Mental problems

Why Does My Dog Lick Metal? - Pica and Obsessive Behavior

Matthew Nesbitt
By Matthew Nesbitt, Journalist specialized in animal research. Updated: June 4, 2019
Why Does My Dog Lick Metal? - Pica and Obsessive Behavior

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It is not abnormal for our dog to lick many things. Whether they excitedly lick our face when we return from work or licking the ground while out on a walk, these behaviors can have benign explanations. If you wonder why does my dog lick metal?, you may think the same applies. Licking metal objects every once in a while might be a simple way to get some information out of their environment. Licking regularly is likely a sign of an obsessive disorder.

Pica in dogs is one such disorder which can explain why your dog is licking metal things. Unfortunately, it is also a condition which is poorly understood even by the veterinary medical community. AnimalWised looks into what we do know about it, but we also explore some other reasons why your dog might be licking metal things.

You may also be interested in: Lick Granuloma in Dogs - Treatment and Causes
  1. How does your dog lick metal?
  2. Nutritional deficiencies
  3. There is something on the metal
  4. Pica in dogs
  5. Treatment of pica in dogs

How does your dog lick metal?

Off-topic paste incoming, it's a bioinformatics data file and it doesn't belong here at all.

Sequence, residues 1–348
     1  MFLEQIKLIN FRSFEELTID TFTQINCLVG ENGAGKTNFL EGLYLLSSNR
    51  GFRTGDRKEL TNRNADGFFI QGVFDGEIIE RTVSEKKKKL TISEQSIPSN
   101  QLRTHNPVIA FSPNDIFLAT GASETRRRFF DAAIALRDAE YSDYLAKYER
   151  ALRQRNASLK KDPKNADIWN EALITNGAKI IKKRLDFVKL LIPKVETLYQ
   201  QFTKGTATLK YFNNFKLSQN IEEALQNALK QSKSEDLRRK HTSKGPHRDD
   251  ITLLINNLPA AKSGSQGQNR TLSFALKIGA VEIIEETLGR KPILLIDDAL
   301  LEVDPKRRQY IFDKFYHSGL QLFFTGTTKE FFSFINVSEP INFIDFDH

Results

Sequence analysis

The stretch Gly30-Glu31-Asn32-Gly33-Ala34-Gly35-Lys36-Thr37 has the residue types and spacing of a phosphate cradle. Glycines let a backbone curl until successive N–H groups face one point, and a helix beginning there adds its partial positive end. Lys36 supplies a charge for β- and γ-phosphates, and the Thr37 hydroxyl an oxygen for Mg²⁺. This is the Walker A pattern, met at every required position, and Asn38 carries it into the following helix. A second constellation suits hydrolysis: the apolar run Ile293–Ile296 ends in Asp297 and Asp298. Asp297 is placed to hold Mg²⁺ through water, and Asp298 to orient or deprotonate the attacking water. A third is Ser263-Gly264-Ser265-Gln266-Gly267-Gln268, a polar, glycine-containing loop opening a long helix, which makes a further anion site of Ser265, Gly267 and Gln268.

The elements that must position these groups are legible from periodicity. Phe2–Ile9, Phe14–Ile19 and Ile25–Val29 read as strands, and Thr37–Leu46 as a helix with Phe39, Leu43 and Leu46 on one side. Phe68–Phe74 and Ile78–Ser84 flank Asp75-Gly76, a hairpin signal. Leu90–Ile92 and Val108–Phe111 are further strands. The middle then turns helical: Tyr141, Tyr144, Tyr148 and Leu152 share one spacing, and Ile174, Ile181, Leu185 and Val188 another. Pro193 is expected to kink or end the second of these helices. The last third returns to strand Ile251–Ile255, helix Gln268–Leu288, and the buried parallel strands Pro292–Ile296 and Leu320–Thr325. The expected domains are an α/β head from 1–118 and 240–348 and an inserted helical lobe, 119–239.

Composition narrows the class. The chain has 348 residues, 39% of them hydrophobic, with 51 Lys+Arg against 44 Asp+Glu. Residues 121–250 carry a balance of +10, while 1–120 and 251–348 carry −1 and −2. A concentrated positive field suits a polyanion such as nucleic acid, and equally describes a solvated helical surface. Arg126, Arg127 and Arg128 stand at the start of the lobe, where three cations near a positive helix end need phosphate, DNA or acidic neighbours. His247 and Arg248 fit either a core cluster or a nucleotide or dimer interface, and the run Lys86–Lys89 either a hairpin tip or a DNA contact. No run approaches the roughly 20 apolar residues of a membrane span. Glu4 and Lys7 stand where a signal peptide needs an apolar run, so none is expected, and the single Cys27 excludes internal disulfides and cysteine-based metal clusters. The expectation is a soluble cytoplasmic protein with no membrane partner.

As with any physiological or psychological problem in our dogs, we need to look at the context of their symptoms. This means we need to see how the behavior manifests itself. If we see our dog licking a metal object while out on a walk or when they find something new in the home, it won't necessarily be a symptom of a problem. Dogs are curious about their environment, using all of their senses to read information and ensure their safety within it. Licking is often just one way of extracting information.

When we see our dogs licking metal objects regularly and obsessively, it indicates there might be another issue at play. As we stated above, this kind of behavior is not well documented. Some of the reasons why your dog licks metal will have some scientific evidence to support it. Others are theoretical and will need further research to back up their hypotheses.

Looking at the context of this behavior also means watching out for other symptoms. If your dog is displaying abnormal behavior such as becoming aggressive or having gastrointestinal issues, then there could be a number of explanations. Going to the veterinarian is the only way to achieve a thorough diagnosis and start a suitable treatment plan if needed. In saying that, below we give some of the possible explanations for your dog licking metal.